Suzie Williford and Doug Hermance had the right idea in mind
when they began planning a showroom for the expansive lines of
decorative hardware and plumbing products sold by Westheimer
Plumbing & Hardware, outside of Houston.
The duo didn’t simply lock themselves in a room and limit the
planning process solely to brainstorming sessions, or to ideas
they’d previously tried, or even to consultations with a showroom
Instead, they hit the road visiting other showrooms,
experiencing what they truly liked and didn’t like in a selling
environment, developing their own unique vision, thinking through
It’s an approach that every kitchen and bath design firm should
keep in mind when planning a new, expanded or revamped showroom
It’s certainly an approach that paid off for the people at
The result of the company’s effort is there for Kitchen &
Bath Design News readers to see, in our annual “Guide to Innovative
Showrooms”. It’s a spectacular visual showcase that’s as much a
beautifully lit, finely accessorized gallery of fine art as it is a
space to display products and design ideas.
What it also is, at the same time, is a showroom that marks
Westheimer Plumbing as a special, and memorable, destination in the
minds of prospects and customers. It creates an impression about
the business that’s powerful and positive. It teaches, stimulates
customers’ emotions, inspires their imaginations and sparks their
own sense of creativity.
And, oh yes, of course it also helps sell product. Let’s not
Westheimer’s showroom, and the others that are featured this
month in K&BDN, remind us that there’s both an art and a
science to visual merchandising.
That’s a concept which the finest high-end retailers have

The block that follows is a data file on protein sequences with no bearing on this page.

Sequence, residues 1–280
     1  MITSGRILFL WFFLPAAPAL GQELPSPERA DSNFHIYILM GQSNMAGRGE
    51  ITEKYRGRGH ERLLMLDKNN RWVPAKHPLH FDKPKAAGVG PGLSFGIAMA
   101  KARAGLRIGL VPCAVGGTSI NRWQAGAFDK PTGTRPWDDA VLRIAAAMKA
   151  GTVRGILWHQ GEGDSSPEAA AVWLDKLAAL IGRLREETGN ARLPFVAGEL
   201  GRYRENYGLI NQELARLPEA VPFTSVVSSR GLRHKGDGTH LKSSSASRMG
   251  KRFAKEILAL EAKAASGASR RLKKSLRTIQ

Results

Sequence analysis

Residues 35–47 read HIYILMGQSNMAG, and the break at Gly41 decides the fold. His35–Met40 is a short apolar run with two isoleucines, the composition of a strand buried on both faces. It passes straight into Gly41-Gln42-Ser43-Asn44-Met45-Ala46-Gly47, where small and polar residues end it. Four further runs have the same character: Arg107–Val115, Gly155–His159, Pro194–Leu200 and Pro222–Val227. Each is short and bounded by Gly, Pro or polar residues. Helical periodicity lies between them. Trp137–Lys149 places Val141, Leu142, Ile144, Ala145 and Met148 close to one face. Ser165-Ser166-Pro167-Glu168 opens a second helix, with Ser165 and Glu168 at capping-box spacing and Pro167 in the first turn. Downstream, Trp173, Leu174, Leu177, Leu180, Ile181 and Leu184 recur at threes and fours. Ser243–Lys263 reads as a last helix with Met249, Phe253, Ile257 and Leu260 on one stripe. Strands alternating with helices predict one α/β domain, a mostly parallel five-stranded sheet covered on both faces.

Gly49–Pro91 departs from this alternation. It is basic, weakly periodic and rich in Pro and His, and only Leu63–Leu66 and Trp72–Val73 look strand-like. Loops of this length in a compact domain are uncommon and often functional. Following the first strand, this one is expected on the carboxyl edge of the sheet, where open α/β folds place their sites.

understood, and capitalized on, for years. And it’s a concept
that’s tied closely to great showroom design and management.
The kitchen and bath industry’s best showrooms, it’s clear, all
have at least two important things in common: They set themselves
apart by using visual merchandising to create a whole that’s
greater than the sum of its parts. And, they use those same
concepts to create an environment that not only conveys an
indelible message to visitors, but becomes a place that that
visitors genuinely enjoy being in.
Does your showroom do the same?
And exactly what message does it convey?
Does it show your products, design skills, professionalism and
customer service capabilities in their best possible light? Does it
reflect consumer hot buttons, present cutting-edge design ideas and
product applications, exhibit your attention to detail, create
visual interest, provide a sense of drama?
In other words, does it communicate to visitors that your
business is, indeed, special and capable of great things? And does
it make people want to do business with you?
Those are questions that kitchen and bath professionals should
be asking themselves continually, as part of a healthy process of
constantly evaluating and improving their business.
K&BDN will certainly be paying an increasing amount of
attention to these questions and to the subject of showrooms in
general in the months to come.
Aside from our ongoing Inside Today’s Showroom column, by
leading showroom designer Sarah Reep, CKD, ASID, K&BDN will be
rolling out a new in-depth educational program focusing on the
showroom. The program, to be presented in key metro markets in
2005, will address key showroom trends, and will spotlight ways to
design, accessorize and manage a showroom for maximum profit.
Details will be unveiled shortly.
In the meantime, kitchen/bath professionals should follow the
examples set by Williford and Hermance, and draw both ideas and
inspiration from the fabulous showrooms found throughout the
industry like those we’re privileged to spotlight this month.